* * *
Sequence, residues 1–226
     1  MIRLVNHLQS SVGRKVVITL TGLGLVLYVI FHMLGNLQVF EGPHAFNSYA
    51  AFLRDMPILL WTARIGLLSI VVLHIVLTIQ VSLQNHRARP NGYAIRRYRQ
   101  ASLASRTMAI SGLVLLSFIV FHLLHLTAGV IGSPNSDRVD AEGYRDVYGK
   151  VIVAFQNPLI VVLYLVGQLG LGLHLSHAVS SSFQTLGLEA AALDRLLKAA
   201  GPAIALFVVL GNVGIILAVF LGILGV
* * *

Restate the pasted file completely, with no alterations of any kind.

Sequence, residues 1–226
     1  MIRLVNHLQS SVGRKVVITL TGLGLVLYVI FHMLGNLQVF EGPHAFNSYA
    51  AFLRDMPILL WTARIGLLSI VVLHIVLTIQ VSLQNHRARP NGYAIRRYRQ
   101  ASLASRTMAI SGLVLLSFIV FHLLHLTAGV IGSPNSDRVD AEGYRDVYGK
   151  VIVAFQNPLI VVLYLVGQLG LGLHLSHAVS SSFQTLGLEA AALDRLLKAA
   201  GPAIALFVVL GNVGIILAVF LGILGV